This process has been followed for the Great Hall registration as well as other projects and has shown good results. The initial registration was in some cases performed using the auto-alignment option in Cyclone, for which the software calculates the relative positions of the scans automatically on import. The results are never perfect: usually, auto-alignment creates several distinct groups of aligned scans that then have to be registered together. That’s usually the best case scenario – although in some cases Cyclone has been able to successfully auto-align smaller projects (small number of scans, very good overlap). In other cases, however, the auto-alignment is just plain wrong: the software fails to match the correct surfaces together, resulting in a jumble of unrelated scans. For this reason, the constraints created by the auto-alignment process should be checked manually. Note that looking at the statistics of the cloud alignment algorithm is not always enough: sometimes constraints with RMS value <<10mm are actually completely wrong when checked visually. Still, the auto-alignment feature has proven extremely useful especially in larger projects, because it can save considerable amounts of processing time. In some cases, however, (perhaps when overlap between scans was rather low) it made more sense to completely disregard the results of the cloud-alignment and start fresh, as trying to fix the constraints would take more time than creating them from scratch.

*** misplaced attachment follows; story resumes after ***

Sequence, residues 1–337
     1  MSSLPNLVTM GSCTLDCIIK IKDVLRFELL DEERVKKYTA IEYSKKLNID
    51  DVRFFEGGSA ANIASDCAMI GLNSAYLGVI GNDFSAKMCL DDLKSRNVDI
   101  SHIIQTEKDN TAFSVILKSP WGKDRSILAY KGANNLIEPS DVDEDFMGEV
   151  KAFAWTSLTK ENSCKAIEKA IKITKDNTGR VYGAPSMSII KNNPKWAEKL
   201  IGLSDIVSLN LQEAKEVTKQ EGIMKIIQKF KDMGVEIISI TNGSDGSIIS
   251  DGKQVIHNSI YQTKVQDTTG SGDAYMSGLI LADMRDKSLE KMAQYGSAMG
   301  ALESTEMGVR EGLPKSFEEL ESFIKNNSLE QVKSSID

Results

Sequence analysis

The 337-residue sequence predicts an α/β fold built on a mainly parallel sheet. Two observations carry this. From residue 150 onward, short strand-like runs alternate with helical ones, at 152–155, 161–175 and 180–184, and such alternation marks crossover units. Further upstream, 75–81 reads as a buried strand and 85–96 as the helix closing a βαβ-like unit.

The correct procedure for cleaning scans before registration in Cyclone is not as straightforward as one might imagine. This is mostly due to the complicated structure of Cyclone databases; one needs to understand the hierarchy and relationships among ControlSpace, ModelSpace, ScanWorld and Scans. After much experimentation and communication with Leica support, it has been determined that in the latest version of Cyclone (9.1.3), the cloud alignment algorithm works with the point cloud inside the ScanWorld’s ControlSpace, not with the ModelSpace or Default Clouds. However, in the registered ScanWorld, it is the Default Clouds that appear for each individual ScanWorld. Which can be useful in some cases, but also very confusing. Do you clean in the ModelSpace or ControlSpace? And if in the ControlSpace, which ControlSpace?*

*Cyclone creates a “child” ControlSpace for every time the ScanWorld appears in a registration within the database.

As it stands at the moment, the process for cleaning scans is as follows:

  1. In the tree view, go to each ScanWorld’s ModelSpace and clean unwanted objects.